Sometimes foreigners complain about life in Korea. Sometimes their complaints are valid, and sometimes their complaints are ridiculous.
Let me give you an example.
I just had a ridiculous conversation on the phone with a woman who told me, “No there’s no problem! No problem!” when I know from recent phone calls that there is indeed a problem. I had gotten a month behind on my internet/landline bill, and die to misunderstandings with the text-messages that the telecom company sent (and my own carelessness reading the bills) I had been perpetually one month behind for a long time. Finally, I paid that bill off on Christmas eve, and expected no problem after that.
But this morning, my neighbour (whose Korean wife had set up the account for me) came to tell me that the company had called him this morning, to go bla-bla-bla-bla-bla and then hang up. He had no idea what they’d been talking about, and told me to check it out. Of course, I did my best to do so, calling immediately. Now, the Seoul office, which is probably the place to call, has such a complicated voice messaging system that I gave up after a couple of tries, and called the local office.
The girl at the local office insisted that she couldn’t see a problem. “No problem, no problem!” was what she insisted. It turned out that in fact, she couldn’t check in the computer, but she decided not to tell me, or at least not in Korean spoken slowly or simply enough for me to understand. This was all conducted in Korean, and I was trying really hard, and what frustrated me to no end was what it seemed to me as if she was erecting as much of a language barrier as she could, instead of trying to speak in a way I could, with my limited ability in her language, understand. She spoke quickly, as quickly as possible, and she used really complicated words instead of simple words, like I use when speaking English to someone who only knows a little.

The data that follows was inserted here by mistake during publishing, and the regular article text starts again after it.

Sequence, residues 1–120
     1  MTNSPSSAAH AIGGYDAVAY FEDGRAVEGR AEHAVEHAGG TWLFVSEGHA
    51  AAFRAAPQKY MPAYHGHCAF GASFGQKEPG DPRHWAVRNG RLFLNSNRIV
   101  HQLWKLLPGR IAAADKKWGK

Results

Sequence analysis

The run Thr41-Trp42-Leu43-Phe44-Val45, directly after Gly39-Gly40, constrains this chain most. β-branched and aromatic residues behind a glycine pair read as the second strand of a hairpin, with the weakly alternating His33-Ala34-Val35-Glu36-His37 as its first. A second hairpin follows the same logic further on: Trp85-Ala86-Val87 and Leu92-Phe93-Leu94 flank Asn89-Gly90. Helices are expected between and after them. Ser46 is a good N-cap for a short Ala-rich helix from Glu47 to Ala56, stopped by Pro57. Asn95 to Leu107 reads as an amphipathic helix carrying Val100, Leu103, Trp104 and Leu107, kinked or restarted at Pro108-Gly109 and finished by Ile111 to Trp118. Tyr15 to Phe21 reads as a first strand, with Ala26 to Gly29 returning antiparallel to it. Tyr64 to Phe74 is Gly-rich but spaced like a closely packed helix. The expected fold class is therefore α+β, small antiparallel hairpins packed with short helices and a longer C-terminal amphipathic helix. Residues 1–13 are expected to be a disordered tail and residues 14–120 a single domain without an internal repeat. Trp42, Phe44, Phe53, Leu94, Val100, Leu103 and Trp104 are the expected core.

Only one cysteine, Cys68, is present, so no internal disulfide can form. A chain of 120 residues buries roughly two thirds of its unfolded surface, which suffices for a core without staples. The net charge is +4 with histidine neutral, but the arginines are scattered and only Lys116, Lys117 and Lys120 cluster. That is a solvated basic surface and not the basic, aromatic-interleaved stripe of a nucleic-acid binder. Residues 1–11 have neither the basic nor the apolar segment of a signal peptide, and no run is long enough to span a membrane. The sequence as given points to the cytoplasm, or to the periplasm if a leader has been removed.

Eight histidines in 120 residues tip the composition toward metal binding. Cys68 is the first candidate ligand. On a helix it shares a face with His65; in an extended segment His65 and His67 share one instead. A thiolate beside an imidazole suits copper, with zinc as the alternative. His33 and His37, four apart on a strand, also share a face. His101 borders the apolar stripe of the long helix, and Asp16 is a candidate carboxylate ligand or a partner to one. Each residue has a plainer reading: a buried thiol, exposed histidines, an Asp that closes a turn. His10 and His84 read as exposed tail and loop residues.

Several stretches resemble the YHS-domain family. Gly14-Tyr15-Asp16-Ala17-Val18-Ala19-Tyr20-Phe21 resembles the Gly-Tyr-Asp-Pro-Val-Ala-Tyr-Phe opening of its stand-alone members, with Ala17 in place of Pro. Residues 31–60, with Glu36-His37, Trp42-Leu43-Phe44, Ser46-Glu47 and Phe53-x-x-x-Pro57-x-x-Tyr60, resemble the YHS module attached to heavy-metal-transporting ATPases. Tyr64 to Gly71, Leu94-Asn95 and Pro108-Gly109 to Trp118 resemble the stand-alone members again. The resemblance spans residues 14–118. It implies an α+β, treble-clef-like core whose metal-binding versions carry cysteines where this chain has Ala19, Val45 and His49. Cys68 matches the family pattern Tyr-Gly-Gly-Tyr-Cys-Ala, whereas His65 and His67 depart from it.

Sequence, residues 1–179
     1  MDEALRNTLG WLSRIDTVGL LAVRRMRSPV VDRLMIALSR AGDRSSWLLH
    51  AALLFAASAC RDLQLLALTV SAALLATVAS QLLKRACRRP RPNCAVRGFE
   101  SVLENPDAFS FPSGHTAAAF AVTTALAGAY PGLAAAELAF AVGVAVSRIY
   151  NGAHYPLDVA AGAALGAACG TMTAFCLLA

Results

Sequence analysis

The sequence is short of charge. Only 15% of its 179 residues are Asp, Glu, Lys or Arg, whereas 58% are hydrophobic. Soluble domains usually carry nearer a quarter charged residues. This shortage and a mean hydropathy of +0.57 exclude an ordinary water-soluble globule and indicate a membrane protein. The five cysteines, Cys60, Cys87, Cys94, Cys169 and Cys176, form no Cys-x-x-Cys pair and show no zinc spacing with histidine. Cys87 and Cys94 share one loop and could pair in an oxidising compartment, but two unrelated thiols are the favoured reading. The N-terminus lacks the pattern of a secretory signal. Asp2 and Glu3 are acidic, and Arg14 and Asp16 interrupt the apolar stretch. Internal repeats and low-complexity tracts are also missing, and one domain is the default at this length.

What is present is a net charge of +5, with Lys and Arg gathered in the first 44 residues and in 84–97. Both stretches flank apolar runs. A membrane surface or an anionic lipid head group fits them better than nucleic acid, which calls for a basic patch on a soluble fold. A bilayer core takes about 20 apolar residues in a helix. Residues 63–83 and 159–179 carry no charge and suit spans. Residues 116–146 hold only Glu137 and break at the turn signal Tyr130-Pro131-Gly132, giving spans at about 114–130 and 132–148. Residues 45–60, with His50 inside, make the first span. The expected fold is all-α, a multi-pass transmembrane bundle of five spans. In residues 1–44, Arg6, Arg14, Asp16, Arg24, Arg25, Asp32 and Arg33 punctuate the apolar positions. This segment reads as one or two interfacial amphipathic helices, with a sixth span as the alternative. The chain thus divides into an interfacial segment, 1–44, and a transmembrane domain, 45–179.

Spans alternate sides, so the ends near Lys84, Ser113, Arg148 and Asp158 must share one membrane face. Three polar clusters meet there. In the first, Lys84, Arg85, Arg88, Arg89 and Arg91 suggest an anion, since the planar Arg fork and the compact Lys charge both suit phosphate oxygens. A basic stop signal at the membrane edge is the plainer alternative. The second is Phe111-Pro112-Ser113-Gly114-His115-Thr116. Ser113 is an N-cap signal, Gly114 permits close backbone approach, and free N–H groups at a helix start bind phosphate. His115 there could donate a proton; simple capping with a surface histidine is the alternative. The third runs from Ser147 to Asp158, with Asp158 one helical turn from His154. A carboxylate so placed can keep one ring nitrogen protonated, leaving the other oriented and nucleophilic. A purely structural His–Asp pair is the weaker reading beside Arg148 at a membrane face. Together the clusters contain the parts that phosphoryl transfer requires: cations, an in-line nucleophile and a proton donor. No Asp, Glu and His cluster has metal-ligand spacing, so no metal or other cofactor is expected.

Now, it’s one thing to complain in a lame-assed way that Koreans don’t speak enough English. I’ve heard some foreigner mock Korea in general for the way that, despite the English-craze and the push of English in high school has been going for so long, many people can’t string together more than a couple of stock sentences. But hell, I look at a lot of anglophone Canadians who can’t even understand written French, can’t pick up more than a word or two in an hours’ discourse, and I think it’s not all that unusual how so many Koreans are monolingual. Certainly it’s not unusual compared to your average North American.
But it’s rather different, and I think rather more valid, to observe that Koreans seem sometimes to be quite anxious about foreigners speaking their language, and seem unwilling to simplify their speech to make the situation easier. Maybe they’re not used to the kind of tactics we of Anglophone culture have long had in our toolkit for speaking to non-anglophones: speaking slowly, loudly, clearly, with simple words. I could be exaggerating here, too, of course: I know anglos in Korea who talk to students with such elevated diction I sometimes wonder if they’re aware there’s an easier, simpler way to express the same idea: “I imagine that knocked the wind out of his sails,” they say, and I have to translate, “So that frustrated him, maybe? Or discouraged him?”
Well, I found, online, a special phone number at that company for foreigners to call. The girl who answered couldn’t speak much English, mind you, but took my number and said someone who can speak English will call me back. I’m still waiting, twenty minutes later, and thinking about it. If that approach fails I’ll have to break down and ask a Korean to call for me. It rankles, since the likeliest candidate is busy studying and doesn’t need to be distracted like that, but also for another reason: I like to be independent. I like to try sort out my problems on my own, especially here where it’s so interesting to do so across a major language barrier.